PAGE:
Christopher Fowler

The Bleeding Heart

"Long may these old boys reign to solve more cases of the bizarre and downright bonkers!"


Late one evening a couple of teenagers, Romain and Shirone are on a ‘date’. They climb over the railings of St George’s Gardens to smoke a joint and watch the stars above London. During this nocturnal activity the two youngsters hear a cracking of wood and a man emerges, zombie-like from his own grave. Running from this scene that looks like something from a Hammer horror film, Romain goes back to have another look. It is this second viewing that seals his fate.

Bryant and May are called out as a tale of resurrection is something the PCU excels at investigating. Little do they realise that this case will involve fraud, suicide and the desecration of two more graves before they finally see the light. And that doesn’t include Bryant dealing with the disappearance of the ravens at the Tower of London. In locating the birds comes in to contact with the sinister Mr Merry, but the encounter disturbs him more than he realises and Bryant for the first time begins to contemplate his own mortality.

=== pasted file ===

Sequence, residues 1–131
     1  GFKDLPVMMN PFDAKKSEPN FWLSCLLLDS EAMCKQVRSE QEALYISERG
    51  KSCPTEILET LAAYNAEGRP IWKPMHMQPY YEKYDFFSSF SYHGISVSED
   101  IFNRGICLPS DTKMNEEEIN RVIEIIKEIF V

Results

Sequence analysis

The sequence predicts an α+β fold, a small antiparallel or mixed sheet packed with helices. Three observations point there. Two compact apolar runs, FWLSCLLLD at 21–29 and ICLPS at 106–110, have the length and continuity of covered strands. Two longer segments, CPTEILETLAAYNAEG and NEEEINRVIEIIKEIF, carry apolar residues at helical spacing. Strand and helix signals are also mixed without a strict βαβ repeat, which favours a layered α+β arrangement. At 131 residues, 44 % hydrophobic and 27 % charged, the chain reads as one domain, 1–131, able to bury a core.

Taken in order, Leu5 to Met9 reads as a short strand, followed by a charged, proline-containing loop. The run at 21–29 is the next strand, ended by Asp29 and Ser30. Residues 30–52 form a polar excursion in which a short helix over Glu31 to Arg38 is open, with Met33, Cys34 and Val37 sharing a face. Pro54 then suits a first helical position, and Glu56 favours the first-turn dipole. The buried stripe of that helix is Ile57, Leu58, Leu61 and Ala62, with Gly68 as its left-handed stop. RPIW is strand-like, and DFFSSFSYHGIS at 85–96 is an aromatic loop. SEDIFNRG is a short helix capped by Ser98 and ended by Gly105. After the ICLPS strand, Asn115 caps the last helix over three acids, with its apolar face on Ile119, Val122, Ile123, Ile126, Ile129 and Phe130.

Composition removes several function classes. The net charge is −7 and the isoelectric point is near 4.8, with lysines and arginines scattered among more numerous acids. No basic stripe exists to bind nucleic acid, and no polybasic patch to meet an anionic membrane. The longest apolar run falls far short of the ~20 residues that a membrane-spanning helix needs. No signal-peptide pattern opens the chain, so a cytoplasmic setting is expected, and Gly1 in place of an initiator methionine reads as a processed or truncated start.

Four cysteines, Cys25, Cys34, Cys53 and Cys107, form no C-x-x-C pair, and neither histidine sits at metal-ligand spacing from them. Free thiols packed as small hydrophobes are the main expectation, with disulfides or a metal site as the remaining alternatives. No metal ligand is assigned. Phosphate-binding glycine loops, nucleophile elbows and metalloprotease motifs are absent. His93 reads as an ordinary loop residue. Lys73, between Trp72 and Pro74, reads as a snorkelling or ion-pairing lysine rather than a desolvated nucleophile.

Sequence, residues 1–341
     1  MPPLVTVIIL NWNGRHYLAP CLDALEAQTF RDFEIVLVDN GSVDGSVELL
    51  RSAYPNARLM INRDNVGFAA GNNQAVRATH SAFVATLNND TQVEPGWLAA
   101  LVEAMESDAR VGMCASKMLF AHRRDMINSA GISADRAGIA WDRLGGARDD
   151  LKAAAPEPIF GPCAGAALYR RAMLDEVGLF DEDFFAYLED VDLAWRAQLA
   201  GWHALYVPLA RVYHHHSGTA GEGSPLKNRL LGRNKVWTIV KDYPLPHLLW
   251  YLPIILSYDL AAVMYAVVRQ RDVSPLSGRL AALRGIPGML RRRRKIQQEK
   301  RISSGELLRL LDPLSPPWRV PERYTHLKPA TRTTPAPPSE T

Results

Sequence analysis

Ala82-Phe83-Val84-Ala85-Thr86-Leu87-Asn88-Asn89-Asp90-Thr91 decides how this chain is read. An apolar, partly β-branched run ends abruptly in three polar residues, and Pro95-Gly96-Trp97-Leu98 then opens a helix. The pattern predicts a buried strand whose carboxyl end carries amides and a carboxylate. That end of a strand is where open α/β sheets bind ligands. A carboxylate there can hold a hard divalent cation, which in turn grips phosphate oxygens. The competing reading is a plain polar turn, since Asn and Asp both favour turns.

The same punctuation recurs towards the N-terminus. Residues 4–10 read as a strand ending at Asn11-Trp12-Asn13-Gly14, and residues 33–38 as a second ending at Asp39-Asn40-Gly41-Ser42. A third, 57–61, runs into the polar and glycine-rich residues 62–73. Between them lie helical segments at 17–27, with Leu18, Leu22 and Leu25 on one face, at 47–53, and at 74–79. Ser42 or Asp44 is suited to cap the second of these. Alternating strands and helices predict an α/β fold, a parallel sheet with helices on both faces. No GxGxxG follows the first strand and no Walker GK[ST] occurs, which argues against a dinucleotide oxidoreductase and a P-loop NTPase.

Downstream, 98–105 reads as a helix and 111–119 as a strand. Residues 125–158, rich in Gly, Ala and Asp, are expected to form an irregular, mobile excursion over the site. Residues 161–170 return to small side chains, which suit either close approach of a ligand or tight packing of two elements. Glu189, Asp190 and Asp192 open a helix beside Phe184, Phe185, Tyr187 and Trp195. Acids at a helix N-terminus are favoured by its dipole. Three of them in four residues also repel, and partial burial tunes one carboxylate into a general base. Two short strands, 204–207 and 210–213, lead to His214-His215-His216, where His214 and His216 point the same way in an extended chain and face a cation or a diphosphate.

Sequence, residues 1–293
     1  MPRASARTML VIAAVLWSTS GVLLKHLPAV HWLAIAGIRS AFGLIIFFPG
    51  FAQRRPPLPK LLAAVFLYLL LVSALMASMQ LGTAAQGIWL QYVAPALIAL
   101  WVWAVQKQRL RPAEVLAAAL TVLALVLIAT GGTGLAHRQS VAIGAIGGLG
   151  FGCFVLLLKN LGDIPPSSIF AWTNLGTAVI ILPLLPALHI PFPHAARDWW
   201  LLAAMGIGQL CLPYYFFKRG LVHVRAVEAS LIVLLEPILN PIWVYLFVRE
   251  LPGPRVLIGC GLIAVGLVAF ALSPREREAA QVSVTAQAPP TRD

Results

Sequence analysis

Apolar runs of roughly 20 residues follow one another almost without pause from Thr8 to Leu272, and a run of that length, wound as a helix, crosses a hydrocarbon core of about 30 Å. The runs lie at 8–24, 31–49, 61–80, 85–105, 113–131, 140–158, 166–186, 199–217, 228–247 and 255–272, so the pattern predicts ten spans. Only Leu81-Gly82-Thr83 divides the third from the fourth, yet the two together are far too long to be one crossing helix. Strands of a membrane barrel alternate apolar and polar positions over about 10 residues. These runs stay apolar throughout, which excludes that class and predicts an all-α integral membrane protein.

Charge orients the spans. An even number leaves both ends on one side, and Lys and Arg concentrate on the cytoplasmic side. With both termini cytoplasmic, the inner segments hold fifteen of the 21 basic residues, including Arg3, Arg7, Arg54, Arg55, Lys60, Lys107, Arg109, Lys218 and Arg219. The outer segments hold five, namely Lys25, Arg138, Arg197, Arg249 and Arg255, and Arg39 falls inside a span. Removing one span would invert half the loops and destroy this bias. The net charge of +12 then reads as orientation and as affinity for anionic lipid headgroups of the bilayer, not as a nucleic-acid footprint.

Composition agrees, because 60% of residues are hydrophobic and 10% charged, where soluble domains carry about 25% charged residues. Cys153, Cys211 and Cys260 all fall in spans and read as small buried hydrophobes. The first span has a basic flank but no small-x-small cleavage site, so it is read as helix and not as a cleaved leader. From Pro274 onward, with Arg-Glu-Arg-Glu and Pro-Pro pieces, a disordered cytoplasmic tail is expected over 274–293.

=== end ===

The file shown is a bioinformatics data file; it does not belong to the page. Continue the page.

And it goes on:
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Even though set in present London, there is always a wonderful, pungent aroma of the Golden classic age when reading a Bryant and May. Yes, the PCU does use modern technology to help with their current case and Bryant even has a mobile phone (if he remembers to switch it on or even charge it up!), but there is always a dash of nostalgia for policing of a bygone era. Fowler’s mysteries are always tinged with the macabre but always have their conclusions firmly planted in reality so that no solution is going to be explained by anything unworldly. The other marvellous part of Fowler’s books is his humour. Throughout his novel Fowler brings a little levity to lighten the dark proceedings. I loved the arrival of regular Maggie Armitage, a white witch of Bryant’s acquaintance who uses every ‘trick in the book’ to counteract his negativity and ‘she also tried regressive hypnosis to try and find out what he had done with her deep-fat fryer, which he had borrowed and never returned’. You have to laugh. ‘The Bleeding Heart’ is a great case for the two old gents and even if you haven’t yet been introduced to the suave May and cantankerous Bryant, then don’t despair as Fowler makes it easy for any newcomer to understand the dynamics within the group. Fowler has delivered another charming romp with our favourite elderly detectives and their bizarre collection of ‘merry men’ that will keep you enthralled till the solving of the case. Long may these old boys reign to solve more cases of the bizarre and downright bonkers!

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